We first saw RIM’s BlackBerry Curve a little less than a year ago. It has proved a popular device, not least because of its stylish appearance and compact format compared to its QWERTY keypad-equipped predecessors.
The Curve isn't as tiny as the Pearl, but that device uses a smaller keypad with two letters per key and the SureType predictive text system.
The Curve 8320 is small for a device with a full QWERTY keypad. It measures 107mm tall by 60mm wide by 15.5mm thick and weighs 111g — ideal for the mobile professional.
The keyboard is remarkably ergonomic thanks to two design features: the keys are well separated from each other and are nicely raised from their surroundings. This makes it relatively easy to hit them accurately with even the stubbiest of fingertips.
Above the keypad is the now-familiar mini-trackball that allows for directional movement within and between applications. This centrally positioned navigation device is more ergonomic for left- and right-handed users than a side-mounted scroll button. To its left and right are menu and back keys, and, outside them, Call and End keys.
The Curve 8320 incorporates a camera. There was a time when RIM eschewed such things, focusing purely on business-orientated features like mobile email. Now the BlackBerry range caters for a wider market.
The 2-megapixel camera, which captures stills but not video, has a small LED flash and a self-portrait mirror. The supplied media application will display pictures and downloaded video, and play back music.
The music player is not particularly sophisticated, but does help to broaden the device's appeal. The Curve supports microSD cards, so you can store plenty of image, video and other data. Annoyingly, the card slot is located underneath the battery, so swapping cards means powering the device down completely.
The location of the memory card slot may be irritating, but music fans will be pleased to note that there is a 3.5mm headphone slot rather than the 2.5mm slot so often used in mobile phones.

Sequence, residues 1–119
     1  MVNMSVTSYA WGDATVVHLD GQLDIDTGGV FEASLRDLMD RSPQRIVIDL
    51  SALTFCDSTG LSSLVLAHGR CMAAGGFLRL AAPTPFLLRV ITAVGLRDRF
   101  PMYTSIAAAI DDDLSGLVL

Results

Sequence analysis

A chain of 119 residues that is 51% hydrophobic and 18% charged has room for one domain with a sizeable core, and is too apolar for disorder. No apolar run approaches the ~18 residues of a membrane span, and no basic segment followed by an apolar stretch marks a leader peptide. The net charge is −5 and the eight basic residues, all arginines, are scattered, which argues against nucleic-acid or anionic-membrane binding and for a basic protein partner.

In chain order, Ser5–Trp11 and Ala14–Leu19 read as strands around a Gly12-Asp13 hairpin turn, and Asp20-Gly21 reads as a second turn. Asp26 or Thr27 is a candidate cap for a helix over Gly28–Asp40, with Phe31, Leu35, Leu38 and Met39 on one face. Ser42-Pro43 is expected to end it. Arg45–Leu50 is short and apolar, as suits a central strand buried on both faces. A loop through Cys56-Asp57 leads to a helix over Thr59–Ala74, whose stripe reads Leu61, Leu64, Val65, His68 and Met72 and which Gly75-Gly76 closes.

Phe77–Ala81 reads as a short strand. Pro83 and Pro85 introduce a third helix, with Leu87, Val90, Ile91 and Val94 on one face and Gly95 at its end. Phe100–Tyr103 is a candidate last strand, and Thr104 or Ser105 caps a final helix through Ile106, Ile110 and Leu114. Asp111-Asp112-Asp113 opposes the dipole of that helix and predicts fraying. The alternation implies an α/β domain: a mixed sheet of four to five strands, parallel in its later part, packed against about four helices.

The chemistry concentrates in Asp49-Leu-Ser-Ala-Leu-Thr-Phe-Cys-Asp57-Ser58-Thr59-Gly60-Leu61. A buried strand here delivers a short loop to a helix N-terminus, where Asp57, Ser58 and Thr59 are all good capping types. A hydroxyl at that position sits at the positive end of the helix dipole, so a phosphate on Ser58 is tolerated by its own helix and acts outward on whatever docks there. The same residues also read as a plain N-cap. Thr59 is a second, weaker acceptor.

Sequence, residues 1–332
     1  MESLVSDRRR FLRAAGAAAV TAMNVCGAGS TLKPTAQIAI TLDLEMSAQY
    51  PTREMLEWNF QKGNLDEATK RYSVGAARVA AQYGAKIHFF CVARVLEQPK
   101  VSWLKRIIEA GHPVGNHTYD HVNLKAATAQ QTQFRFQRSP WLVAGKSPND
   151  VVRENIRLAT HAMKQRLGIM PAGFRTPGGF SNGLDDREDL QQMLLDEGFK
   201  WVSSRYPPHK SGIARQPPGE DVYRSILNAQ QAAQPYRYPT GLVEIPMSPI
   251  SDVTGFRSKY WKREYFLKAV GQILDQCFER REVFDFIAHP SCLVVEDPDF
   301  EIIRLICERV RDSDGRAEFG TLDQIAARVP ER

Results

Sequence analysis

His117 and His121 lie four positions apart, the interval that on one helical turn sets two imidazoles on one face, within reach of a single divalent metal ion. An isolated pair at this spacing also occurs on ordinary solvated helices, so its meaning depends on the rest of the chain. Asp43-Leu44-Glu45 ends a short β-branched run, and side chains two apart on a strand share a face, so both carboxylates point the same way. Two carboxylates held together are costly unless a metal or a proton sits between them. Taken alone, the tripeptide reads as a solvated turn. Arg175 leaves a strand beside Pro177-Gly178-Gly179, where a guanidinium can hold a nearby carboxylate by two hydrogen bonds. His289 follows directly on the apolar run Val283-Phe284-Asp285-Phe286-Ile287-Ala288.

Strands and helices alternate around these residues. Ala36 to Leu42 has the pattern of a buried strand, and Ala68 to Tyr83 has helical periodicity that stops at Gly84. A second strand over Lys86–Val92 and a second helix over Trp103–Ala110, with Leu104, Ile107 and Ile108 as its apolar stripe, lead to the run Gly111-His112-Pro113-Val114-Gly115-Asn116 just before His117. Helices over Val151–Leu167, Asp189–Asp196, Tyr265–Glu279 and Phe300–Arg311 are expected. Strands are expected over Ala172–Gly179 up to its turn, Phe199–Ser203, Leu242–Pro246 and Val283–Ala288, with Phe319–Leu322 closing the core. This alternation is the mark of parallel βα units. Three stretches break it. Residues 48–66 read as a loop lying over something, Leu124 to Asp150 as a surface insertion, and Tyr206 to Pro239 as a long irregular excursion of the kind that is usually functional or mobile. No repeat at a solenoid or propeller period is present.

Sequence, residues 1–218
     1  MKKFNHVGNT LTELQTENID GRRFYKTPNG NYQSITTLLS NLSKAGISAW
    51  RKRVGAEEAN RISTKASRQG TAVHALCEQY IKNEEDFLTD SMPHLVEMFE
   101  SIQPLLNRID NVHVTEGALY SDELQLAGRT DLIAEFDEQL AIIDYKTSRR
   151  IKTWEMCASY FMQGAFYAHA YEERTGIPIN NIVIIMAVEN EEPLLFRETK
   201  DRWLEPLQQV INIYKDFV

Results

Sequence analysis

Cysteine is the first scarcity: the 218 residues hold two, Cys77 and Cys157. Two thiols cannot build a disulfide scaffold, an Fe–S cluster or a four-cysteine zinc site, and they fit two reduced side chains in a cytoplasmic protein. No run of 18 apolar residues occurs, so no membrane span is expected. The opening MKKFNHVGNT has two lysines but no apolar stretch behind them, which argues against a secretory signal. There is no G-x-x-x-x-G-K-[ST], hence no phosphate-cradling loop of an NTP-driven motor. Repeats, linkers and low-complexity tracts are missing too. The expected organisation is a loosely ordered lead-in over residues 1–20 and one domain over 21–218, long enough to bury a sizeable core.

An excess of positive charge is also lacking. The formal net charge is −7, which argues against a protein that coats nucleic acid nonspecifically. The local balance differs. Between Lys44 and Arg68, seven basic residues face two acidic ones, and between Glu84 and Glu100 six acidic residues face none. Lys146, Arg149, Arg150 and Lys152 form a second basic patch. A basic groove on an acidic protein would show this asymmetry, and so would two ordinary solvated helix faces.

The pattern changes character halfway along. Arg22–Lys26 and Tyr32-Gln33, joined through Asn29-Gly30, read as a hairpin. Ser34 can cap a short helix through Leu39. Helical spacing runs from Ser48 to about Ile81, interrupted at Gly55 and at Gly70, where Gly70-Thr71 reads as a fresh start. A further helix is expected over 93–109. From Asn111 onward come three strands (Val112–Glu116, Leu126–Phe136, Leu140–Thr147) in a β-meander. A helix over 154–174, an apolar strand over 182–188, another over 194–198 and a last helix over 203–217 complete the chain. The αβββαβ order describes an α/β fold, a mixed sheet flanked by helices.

This makes it easy to substitute your own headphones for those supplied with the device. This may rule out wired handsfree operation, but the Curve 8320 has Bluetooth built in, so wireless handsfree is perfectly feasible.
The edge that houses the headphone slot also contains the mini-USB power connector and one of two 'convenience keys'. These are a BlackBerry staple and can be programmed to access any frequently used feature. Out of the box, this key activates the built-in voice control.
The other 'convenience key' is on the right edge and by default launches the camera (again, this can be programmed to your preference).
The GPS receiver, present in the 8310 model but not the 8320, is the updated range's main new feature. With it, you can use the built-in BlackBerry Maps service, which offers location-based services such as navigation and finding a restaurant.
The Curve is an ergonomic device, and probably the most user-friendly of the BlackBerry range. However, there's no 3G support — both 83x0 models are quad-band GSM phones with GPRS/EDGE. This leaves them some way behind their leading-edge smartphone competition — particularly the 8310 model, which includes GPS but omits Wi-Fi (the 8320 includes Wi-Fi but lacks GPS). Perhaps we'll eventually get a Curve with Wi-Fi, GPS and 3G too. Let's hope it's not too long a wait.